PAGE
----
Recording Injustice in Chiapas : Gertrude Blom’s remarkable photos give evidence of the roots of the strife

Virtually all of the photographers whose work is displayed in the Armand Hammer Museum’s exhibit “Mexico Through Foreign Eyes"--among them some of the great names in the history of photography--went to Mexico just to visit. One who went to stay is the extraordinary Swedish photographer Gertrude Blom, who devoted half a century to documenting the beauty and defending the rights of the Lacandon Indians of Chiapas.

Blom, who died last December at 93, never considered herself a professional photographer, but there is no more haunting photograph in this exhibit than her 1959 portrait of Lacandon men standing traumatized on a tract of newly cleared land.

The Lacandon, whom she met in the early 1940s when they were thriving in a still-virgin rain forest, have lost their home and their identity to the world’s appetite for mahogany and beef.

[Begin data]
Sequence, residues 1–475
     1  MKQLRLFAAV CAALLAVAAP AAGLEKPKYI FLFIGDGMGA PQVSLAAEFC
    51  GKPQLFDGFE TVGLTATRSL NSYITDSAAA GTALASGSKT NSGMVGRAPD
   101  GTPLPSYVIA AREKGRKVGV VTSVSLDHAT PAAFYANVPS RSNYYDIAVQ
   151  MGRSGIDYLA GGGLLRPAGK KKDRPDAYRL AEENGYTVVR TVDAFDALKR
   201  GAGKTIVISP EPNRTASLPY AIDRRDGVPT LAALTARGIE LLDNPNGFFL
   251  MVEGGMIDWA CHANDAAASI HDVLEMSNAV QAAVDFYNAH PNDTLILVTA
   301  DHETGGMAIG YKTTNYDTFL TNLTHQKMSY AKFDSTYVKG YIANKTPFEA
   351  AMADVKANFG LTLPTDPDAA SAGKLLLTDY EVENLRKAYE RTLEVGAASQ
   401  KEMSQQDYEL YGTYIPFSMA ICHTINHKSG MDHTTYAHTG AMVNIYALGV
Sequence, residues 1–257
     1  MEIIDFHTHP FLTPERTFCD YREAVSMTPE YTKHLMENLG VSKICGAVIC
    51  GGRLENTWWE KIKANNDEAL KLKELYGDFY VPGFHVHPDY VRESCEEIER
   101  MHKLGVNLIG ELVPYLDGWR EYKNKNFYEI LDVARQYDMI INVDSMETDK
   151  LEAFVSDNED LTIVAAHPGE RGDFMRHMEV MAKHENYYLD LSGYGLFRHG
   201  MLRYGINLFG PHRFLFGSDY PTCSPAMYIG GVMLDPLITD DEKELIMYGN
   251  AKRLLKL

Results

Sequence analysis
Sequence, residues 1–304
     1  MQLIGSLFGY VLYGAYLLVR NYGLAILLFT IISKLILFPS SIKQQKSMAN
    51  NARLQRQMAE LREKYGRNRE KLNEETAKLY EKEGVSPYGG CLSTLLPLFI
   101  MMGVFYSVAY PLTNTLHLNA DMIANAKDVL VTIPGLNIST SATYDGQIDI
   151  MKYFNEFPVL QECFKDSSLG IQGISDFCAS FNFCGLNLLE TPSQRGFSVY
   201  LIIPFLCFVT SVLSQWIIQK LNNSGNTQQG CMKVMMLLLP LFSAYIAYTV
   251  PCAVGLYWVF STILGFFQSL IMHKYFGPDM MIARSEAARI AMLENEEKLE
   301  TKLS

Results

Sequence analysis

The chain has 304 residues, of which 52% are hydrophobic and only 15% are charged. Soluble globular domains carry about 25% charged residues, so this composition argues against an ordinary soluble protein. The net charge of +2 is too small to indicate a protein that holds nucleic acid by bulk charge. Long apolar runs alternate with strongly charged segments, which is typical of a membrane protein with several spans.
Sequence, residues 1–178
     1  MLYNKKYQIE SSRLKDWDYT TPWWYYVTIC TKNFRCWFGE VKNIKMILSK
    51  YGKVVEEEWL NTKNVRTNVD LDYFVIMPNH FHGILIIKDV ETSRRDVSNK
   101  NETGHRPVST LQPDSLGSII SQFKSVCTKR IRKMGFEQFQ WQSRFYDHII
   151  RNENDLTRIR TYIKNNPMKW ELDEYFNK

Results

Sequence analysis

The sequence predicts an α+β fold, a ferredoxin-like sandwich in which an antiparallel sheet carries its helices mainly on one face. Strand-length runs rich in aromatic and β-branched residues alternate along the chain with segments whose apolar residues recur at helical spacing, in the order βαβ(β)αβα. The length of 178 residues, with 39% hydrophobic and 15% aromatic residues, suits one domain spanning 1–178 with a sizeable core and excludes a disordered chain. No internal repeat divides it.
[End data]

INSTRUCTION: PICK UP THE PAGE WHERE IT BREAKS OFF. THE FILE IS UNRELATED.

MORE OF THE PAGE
Blom, an activist as well as a photographer, fought to save the forest and the Lacandon people alike from the loggers and the ranchers. But 1 million clear-cut acres later, when she was 82 years old, she told an interviewer: “I was a fighter all my life, but that’s a sad story. The Nazis came; then we tried to avoid the war and the war came. I fought for the Lacandones and the forest, and that’s lost too.”

The violent uprising by the indigenous people of Chiapas against the Mexican government last January, still a mystery to U.S. observers despite the best efforts of the press, has everything to do with that loss; and for deep background on the revolt, Blom--the founder of Na-Bolom, a Lacandon study center in San Bartolome de las Casas--deserves rediscovery.


The Hammer Museum has performed a service by including her in its exhibit. Its bookstore has performed another by laying in a supply of available books on the exhibited photographers: Edward Weston, Henri Cartier-Bresson, Robert Capa, Andre Kertesz and Karl Lumholtz, among others.

Also on hand: “Gertrude Blom Bearing Witness” (University of North Carolina Press, 1984), which includes a selection of her photographs as well as a bibliography of her writings.